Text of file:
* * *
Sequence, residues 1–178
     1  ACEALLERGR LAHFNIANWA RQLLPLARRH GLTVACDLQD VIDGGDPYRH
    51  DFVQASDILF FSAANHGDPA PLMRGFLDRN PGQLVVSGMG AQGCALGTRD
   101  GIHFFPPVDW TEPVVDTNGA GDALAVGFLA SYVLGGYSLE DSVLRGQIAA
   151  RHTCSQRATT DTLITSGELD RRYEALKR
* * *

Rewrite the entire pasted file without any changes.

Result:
Sequence, residues 1–178
     1  ACEALLERGR LAHFNIANWA RQLLPLARRH GLTVACDLQD VIDGGDPYRH
    51  DFVQASDILF FSAANHGDPA PLMRGFLDRN PGQLVVSGMG AQGCALGTRD
   101  GIHFFPPVDW TEPVVDTNGA GDALAVGFLA SYVLGGYSLE DSVLRGQIAA
   151  RHTCSQRATT DTLITSGELD RRYEALKR